I believe exactly the opposite. Old people are the fastest growing demographic in this country who have a direct vested interest in benefits they have been promised for 50 years–and little capacity to recoup from cuts.
The best possible future GOP coalition will involve promising senior citizens we will deliver on these promises, even if it requires cutting other government programs. Use this opportunity not to “privatize” social security but to cut unnecessary government programs.
Not a dime for expansion of any government program until Social Security is fully funded, should be our rallying cry.
It’s the right thing to do both politically and morally.
But the Libertarian wing of the GOP is unaware of how few voters they have. They are lettting their dislike for social conservatism lead the GOP in a truly dangerous direction, politically.
We should combine support for the retired with support for the seed-corn of America (and the GOP coalition), protecting family income, especially married family income from the excessive taxation to come. The GOP’s willingness to embrace marriage penalties in the fiscal cliff tax hikes is a sign they do yet not understand the importance for the country’s well-being and the conservative coalition, of being champions of the married family, not just rhetorically but practically.
A few days ago I filed my last syndicated column.
I decided to retire the column in part because I think what you and I are doing here together is by far the most important thing I can do. I need your help to expand the readership of this letter. If you have one or two friends who should join this conversation could you pass this onto them and ask them to sign up?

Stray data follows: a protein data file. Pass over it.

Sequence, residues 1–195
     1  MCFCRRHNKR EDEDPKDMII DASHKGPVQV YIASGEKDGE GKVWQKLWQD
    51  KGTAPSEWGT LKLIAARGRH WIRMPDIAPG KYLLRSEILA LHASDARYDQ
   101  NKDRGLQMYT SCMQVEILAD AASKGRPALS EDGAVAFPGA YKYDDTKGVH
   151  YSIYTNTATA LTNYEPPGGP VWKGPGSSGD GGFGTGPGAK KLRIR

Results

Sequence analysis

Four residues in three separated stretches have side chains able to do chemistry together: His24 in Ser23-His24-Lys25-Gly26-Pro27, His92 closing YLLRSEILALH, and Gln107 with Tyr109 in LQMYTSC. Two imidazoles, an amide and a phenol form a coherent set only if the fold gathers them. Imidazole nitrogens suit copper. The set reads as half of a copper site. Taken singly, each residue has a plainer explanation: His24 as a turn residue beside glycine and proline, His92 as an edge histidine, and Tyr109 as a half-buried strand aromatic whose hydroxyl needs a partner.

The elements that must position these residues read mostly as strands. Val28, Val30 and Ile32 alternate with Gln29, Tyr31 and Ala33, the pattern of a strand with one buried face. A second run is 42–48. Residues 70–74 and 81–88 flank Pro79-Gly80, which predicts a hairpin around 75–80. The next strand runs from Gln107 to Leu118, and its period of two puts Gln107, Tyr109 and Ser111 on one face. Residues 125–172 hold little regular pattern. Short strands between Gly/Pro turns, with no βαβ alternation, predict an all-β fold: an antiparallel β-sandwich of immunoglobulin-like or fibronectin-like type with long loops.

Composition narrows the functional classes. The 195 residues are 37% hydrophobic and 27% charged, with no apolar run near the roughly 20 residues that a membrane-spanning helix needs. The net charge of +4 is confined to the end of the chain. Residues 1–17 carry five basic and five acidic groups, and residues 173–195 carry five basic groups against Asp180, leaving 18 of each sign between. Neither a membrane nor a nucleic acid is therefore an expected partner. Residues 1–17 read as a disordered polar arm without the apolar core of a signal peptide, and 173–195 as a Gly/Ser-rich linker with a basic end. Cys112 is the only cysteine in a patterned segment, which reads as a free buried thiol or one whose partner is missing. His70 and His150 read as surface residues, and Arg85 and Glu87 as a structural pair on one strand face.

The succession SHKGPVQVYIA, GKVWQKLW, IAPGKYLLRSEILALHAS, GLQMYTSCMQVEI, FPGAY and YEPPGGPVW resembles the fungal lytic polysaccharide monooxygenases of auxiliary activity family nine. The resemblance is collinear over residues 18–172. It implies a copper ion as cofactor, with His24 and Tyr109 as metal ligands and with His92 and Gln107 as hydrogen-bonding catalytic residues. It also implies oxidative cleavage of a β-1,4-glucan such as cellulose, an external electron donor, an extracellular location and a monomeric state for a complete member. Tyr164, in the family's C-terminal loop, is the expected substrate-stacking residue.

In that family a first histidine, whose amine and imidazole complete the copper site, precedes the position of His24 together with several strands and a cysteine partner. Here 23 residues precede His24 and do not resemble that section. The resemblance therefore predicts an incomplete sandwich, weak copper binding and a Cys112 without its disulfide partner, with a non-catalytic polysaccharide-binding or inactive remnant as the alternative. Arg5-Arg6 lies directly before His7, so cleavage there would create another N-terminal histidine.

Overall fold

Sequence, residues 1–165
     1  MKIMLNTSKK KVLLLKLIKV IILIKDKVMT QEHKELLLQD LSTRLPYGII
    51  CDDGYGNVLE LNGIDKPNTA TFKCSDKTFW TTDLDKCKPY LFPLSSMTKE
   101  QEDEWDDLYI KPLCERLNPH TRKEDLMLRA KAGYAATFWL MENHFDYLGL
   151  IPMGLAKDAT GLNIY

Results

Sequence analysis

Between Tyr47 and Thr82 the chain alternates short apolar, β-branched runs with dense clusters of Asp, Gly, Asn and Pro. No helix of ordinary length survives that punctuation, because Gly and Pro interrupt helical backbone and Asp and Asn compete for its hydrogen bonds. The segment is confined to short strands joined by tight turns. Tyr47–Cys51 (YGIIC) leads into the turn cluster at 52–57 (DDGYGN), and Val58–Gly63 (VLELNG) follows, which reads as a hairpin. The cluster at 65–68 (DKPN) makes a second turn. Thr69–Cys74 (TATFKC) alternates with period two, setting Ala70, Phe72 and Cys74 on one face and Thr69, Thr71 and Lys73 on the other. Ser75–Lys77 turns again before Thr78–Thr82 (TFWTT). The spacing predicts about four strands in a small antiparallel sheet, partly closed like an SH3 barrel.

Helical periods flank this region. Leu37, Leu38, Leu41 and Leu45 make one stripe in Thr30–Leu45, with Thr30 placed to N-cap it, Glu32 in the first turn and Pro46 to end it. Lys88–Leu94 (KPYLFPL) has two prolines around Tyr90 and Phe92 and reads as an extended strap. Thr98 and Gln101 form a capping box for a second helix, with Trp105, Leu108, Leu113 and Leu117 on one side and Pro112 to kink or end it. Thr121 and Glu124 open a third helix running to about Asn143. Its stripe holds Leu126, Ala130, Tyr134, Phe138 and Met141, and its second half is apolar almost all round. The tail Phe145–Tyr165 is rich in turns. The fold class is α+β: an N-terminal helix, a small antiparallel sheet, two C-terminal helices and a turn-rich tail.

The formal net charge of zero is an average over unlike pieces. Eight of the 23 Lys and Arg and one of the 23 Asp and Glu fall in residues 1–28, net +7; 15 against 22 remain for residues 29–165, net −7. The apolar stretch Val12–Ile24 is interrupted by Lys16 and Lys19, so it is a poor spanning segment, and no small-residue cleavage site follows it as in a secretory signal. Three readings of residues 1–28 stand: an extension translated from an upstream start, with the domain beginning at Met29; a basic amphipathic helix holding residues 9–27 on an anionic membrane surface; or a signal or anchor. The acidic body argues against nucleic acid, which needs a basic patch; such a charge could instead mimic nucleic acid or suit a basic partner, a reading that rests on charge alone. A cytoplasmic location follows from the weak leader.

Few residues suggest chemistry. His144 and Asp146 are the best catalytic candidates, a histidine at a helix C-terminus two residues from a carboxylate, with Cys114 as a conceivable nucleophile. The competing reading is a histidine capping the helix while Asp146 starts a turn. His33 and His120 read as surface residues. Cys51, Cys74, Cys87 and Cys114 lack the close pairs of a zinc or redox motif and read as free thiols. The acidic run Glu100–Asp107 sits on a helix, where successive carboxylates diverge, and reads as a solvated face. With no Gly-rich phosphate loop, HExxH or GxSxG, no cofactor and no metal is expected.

My last column is called “A Farewell to Optimism.”
But really its theme is: Good-bye optimism, hullo hope.
A few days ago, going through some memorabilia of my mother’s, I found the original promotional material for this syndicated column, launched in 1993. I was billed as “A New Conservative Voice for Young Women!”
More than 17 years ago, I set out to explain how a Yale-educated young women from of a secular Oregon family could become a social conservative:
Every life is precious. It is better to care for your children than to kill them. Divorce hurts children; it also breaks apart life’s most precious commitment, a family.
Men and women are different. A society that pretends otherwise is not going to raise boys to be loving, reliable family men. Marriage is about settling for less but raising up an ideal much bigger and more important even than the most urgent whispered promises of romantic love.
Sex makes babies. Society needs babies. Babies need their mother and their father. Men and women need each other. We all need a strong marriage culture, whether we choose to marry or not.